The black hole log books have just been rewritten.
A new study reports that a black hole is about 10 times larger than our sun, only 1,560 light-years from Earth. That’s nearly double the previous proximity champ.
The newly discovered object, a stellar-mass black hole called Gaia BH1, lies in a binary system whose other member is a sun-like star. This star is as far from its companion black hole as Earth is from the Sun, which makes Gaia BH1 really special.
“Although there have been many purported discoveries of systems like this, nearly all of these have been refuted,” said study lead author Karim El-Badri, of the Harvard-Smithsonian Center for Astrophysics in Massachusetts and the Max Planck Institute for Astronomy in Germany said in a statement. (Opens in a new tab). “This is the first unequivocal discovery of a Sun-like star in a wide orbit around a stellar-mass black hole in our galaxy.”
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Astronomers believe that our Milky Way galaxy contains about 100 million stellar-mass black holes, which are light-eating objects five to 100 times larger than the Sun.
However, their small size makes these objects relatively difficult to detect, especially by telescope. (Gravity-wave detectors have had more success recently, finding evidence of mergers involving these objects.) The ones that scientists see tend to be “X-ray binaries,” black holes pulling material from a companion star into an accretion disk around themselves. This rapidly rotating dust and gas emits high-energy X-rays and light that some powerful telescopes can observe.
However, not all stellar-mass black holes inhabiting binary systems are actively feeding. Finding these idle objects is more difficult and requires different strategies.
The researchers used one of these alternative techniques in the new study. They meditated on data collected by the European Space Agency’s (ESA) Gaia spacecraft, which accurately maps the locations, velocities and trajectories of nearly two billion Milky Way stars.
One such star is the Gaia BH1 Companion. Its movement shows small anomalies – an indication that something massive and invisible is pulling on it by the force of gravity.
Gaia’s measurements suggested that the black hole could be this jar, but scientists needed more data to know for sure. So they studied the star with a number of ground-based instruments, including the Gemini North and Keck 1 telescopes in Hawaii and the Magellan Clay and MPG/ESO telescopes in Chile.
These follow-up observations, along with the Gaia data, allowed the team to take the system’s scale in detail. The invisible object has a mass of 10 suns, they identified, and orbits the system’s center of mass once every 186 Earth days. And it must be a black hole.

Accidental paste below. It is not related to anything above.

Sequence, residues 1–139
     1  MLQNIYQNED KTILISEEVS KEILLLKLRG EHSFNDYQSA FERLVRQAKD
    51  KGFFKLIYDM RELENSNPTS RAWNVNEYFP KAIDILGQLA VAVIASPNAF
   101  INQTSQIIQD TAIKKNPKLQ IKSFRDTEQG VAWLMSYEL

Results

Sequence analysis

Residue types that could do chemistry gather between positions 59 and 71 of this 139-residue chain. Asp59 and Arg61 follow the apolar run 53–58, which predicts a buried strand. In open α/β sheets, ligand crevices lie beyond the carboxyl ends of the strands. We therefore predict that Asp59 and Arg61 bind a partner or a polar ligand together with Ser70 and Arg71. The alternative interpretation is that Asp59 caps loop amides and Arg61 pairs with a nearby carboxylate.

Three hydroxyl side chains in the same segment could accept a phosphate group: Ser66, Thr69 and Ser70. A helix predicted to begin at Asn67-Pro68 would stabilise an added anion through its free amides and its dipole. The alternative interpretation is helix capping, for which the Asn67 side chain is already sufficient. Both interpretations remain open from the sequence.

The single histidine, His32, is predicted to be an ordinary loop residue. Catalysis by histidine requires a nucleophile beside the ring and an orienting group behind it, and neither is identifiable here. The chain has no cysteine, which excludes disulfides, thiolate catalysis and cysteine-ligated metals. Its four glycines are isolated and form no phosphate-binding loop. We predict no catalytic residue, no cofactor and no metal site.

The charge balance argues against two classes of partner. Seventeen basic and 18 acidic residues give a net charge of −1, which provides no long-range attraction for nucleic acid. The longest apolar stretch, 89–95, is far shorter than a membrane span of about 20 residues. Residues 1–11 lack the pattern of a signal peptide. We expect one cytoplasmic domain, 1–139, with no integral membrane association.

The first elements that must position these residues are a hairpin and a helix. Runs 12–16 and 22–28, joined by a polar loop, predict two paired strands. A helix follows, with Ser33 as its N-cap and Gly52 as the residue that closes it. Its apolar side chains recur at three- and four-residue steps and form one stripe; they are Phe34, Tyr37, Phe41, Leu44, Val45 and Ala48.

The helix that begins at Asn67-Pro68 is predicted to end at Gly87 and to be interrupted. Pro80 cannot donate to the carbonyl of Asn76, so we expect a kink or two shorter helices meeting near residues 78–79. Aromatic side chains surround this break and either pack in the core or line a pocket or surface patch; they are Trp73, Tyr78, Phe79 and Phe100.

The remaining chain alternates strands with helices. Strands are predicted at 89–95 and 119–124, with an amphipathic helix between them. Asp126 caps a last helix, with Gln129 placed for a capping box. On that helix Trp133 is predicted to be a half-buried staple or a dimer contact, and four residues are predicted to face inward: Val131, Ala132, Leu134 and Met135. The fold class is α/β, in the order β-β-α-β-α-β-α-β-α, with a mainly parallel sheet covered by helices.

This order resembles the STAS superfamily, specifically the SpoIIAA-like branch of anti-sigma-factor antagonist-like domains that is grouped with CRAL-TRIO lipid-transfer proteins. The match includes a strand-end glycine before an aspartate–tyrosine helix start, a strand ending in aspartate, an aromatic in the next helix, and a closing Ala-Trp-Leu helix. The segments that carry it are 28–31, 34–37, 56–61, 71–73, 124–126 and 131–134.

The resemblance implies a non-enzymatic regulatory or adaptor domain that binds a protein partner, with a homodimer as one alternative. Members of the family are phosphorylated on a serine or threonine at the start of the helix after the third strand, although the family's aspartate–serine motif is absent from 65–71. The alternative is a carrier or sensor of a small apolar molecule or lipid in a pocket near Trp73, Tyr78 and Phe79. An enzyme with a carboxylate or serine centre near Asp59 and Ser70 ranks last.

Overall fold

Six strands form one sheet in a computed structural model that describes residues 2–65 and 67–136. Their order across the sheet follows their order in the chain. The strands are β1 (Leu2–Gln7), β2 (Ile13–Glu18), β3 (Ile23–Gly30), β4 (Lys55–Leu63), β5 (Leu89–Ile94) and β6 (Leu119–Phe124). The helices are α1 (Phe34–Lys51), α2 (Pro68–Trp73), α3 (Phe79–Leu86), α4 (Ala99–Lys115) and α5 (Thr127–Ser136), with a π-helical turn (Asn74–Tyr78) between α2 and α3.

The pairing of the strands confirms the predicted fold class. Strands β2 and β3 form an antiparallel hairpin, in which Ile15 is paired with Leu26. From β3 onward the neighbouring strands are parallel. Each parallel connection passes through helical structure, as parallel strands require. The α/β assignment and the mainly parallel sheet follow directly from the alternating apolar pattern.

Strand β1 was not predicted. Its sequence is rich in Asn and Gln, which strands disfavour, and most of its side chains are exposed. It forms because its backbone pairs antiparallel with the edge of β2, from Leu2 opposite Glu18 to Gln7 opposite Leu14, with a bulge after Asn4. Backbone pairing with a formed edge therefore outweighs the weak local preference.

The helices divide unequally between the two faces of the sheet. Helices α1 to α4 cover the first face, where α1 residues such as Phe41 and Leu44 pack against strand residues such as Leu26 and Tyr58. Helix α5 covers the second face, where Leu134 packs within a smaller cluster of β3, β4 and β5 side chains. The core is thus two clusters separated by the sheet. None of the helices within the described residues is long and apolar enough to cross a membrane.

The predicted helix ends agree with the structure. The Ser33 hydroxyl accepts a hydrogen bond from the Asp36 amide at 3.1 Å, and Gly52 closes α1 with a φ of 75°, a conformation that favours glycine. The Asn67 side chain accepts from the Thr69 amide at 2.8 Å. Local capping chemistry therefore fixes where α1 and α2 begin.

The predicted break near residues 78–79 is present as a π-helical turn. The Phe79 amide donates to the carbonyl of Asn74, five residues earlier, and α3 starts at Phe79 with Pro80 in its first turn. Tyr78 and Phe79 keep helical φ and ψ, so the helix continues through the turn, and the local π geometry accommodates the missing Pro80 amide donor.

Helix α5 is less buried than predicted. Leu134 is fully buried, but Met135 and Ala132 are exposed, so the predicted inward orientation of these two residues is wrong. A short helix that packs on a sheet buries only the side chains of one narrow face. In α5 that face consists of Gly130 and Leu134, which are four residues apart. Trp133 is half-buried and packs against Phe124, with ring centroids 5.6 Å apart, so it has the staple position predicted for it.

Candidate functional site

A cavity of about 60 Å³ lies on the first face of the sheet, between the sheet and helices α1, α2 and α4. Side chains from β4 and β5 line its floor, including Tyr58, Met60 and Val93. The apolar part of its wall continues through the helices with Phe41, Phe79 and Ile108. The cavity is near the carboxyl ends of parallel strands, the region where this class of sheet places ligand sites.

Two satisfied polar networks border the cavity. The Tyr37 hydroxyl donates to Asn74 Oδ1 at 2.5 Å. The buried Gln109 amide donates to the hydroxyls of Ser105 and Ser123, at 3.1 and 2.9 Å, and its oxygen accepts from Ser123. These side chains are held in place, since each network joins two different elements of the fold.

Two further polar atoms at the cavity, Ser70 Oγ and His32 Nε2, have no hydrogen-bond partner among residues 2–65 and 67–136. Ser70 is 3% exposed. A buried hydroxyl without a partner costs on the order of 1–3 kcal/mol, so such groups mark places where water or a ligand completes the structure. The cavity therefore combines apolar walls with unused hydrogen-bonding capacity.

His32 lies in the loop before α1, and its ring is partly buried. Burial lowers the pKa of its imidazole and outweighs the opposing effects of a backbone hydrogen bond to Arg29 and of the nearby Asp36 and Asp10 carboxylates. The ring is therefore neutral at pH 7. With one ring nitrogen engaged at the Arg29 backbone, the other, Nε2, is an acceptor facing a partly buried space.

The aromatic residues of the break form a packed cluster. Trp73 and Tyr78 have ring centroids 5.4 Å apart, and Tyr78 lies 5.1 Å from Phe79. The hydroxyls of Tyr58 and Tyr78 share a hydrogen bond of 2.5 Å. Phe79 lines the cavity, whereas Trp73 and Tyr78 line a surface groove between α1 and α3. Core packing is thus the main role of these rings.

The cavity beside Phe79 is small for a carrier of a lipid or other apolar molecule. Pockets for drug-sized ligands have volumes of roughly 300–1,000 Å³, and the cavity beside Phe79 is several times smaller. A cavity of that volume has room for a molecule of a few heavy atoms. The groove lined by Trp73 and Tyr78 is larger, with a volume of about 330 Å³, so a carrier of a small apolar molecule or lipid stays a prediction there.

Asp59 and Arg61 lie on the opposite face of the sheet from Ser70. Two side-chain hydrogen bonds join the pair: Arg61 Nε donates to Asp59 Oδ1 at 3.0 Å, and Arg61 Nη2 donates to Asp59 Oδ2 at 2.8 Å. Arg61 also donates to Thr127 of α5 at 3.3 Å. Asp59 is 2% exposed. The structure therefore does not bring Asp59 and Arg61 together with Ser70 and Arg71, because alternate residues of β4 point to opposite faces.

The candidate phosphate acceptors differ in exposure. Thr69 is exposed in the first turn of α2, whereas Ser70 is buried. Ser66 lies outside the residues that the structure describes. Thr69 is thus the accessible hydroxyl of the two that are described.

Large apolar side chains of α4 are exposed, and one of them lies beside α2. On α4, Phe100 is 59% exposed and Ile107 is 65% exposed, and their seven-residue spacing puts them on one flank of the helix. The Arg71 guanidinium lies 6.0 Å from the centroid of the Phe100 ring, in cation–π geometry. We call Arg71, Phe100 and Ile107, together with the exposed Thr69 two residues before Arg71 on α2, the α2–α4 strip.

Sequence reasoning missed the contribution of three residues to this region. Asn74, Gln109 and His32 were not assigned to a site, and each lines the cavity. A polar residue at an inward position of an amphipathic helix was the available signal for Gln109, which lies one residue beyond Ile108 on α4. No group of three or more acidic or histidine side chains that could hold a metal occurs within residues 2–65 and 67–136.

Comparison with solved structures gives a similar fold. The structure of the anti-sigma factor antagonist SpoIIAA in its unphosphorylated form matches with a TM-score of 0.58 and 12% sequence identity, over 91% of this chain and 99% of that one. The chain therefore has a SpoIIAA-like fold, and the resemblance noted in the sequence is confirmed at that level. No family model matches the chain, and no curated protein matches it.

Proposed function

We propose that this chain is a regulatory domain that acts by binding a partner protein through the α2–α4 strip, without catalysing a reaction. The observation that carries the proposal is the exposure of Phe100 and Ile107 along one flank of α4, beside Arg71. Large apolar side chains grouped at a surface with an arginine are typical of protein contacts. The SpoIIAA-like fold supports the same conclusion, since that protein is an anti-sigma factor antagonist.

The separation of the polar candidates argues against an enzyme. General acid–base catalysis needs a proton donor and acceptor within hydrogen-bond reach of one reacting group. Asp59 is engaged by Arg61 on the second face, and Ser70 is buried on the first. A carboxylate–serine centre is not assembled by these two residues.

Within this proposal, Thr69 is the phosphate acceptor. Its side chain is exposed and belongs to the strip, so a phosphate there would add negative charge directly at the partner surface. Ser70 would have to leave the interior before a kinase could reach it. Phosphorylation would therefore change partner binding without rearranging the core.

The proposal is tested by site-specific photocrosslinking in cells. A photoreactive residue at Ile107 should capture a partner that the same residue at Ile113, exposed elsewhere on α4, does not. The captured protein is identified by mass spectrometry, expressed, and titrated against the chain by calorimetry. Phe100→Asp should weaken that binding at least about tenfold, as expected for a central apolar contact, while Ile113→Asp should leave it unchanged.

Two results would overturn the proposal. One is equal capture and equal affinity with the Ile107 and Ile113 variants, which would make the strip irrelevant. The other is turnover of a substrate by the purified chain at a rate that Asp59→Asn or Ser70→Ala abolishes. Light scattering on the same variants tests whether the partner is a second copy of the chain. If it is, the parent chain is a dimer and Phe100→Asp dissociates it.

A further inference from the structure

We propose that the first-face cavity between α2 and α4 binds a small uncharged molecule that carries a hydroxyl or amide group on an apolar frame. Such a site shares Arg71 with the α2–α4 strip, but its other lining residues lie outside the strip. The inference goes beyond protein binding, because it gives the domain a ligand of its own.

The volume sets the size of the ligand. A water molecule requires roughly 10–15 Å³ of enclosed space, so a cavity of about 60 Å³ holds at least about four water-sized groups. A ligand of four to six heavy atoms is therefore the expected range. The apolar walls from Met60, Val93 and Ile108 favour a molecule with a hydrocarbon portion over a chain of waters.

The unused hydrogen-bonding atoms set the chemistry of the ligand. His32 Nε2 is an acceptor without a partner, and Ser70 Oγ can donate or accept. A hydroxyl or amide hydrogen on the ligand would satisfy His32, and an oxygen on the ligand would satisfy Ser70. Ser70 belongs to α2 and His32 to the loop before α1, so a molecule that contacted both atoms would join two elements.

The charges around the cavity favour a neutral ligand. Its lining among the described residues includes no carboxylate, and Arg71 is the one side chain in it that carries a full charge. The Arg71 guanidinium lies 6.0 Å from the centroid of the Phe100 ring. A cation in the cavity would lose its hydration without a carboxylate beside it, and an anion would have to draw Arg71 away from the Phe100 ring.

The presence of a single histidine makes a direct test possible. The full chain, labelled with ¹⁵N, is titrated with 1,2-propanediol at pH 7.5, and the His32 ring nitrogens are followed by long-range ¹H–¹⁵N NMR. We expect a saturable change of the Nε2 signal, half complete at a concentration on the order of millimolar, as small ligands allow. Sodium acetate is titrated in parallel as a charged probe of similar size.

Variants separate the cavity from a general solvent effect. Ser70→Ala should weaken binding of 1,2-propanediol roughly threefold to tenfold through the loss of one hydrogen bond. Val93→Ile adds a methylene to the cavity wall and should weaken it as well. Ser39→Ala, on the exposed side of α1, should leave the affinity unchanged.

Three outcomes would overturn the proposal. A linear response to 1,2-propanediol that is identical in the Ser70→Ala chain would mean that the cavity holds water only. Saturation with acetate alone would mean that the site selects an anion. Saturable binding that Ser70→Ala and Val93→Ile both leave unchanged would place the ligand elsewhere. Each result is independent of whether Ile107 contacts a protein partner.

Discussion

“Our observations of Gemini follow-up confirmed beyond any doubt that the binary contains an ordinary star and at least one dormant black hole,” Al-Badri said. “We were unable to find a plausible astrophysical scenario that could explain the observed orbit of a system that does not include at least one black hole.”
If the invisible object in Gaia BH1 were a star, for example, it would be much brighter than its companion, and therefore easier to see. But none of the team’s observations revealed an indication of a second star in the system.
The Gaia BH1 system is interesting, not only because it is relatively close to us. (Close to the cosmic scheme of things, however; the Milky Way’s famous spiral disk is about 100,000 light-years wide.) The study team is not sure how the star and the black hole would appear in their current positions.
Gaia BH1’s mass suggests that the star that died and gave rise to it must have been massive – at least 20 solar masses or so. These giants only live for a few million years, and swell tremendously before giving up their ghost.
Modeling work suggests that such blowing would likely destroy the companion before it had a chance to evolve into a sun-like star (if the two were born at the same time). If it survived, the researchers said, it would have ended up in an orbit much narrower than the one it currently occupies.
“Interestingly, this system cannot be easily adapted by standard binary evolution models,” Al-Badri said. “It raises many questions about how this binary system formed, as well as how many lurking black holes there are.”
The new study (Opens in a new tab) It was published online today (November 4) in the Journal of the Monthly Notices of the Royal Astronomical Society.
Mike Wall is the author of “Abroad (Opens in a new tab)Book (Great Grand Publishing House, 2018; illustrated by Carl Tate), a book on the search for extraterrestrials. Follow him on Twitter Tweet embed (Opens in a new tab). Follow us on Twitter Tweet embed (Opens in a new tab) or on Facebook (Opens in a new tab).
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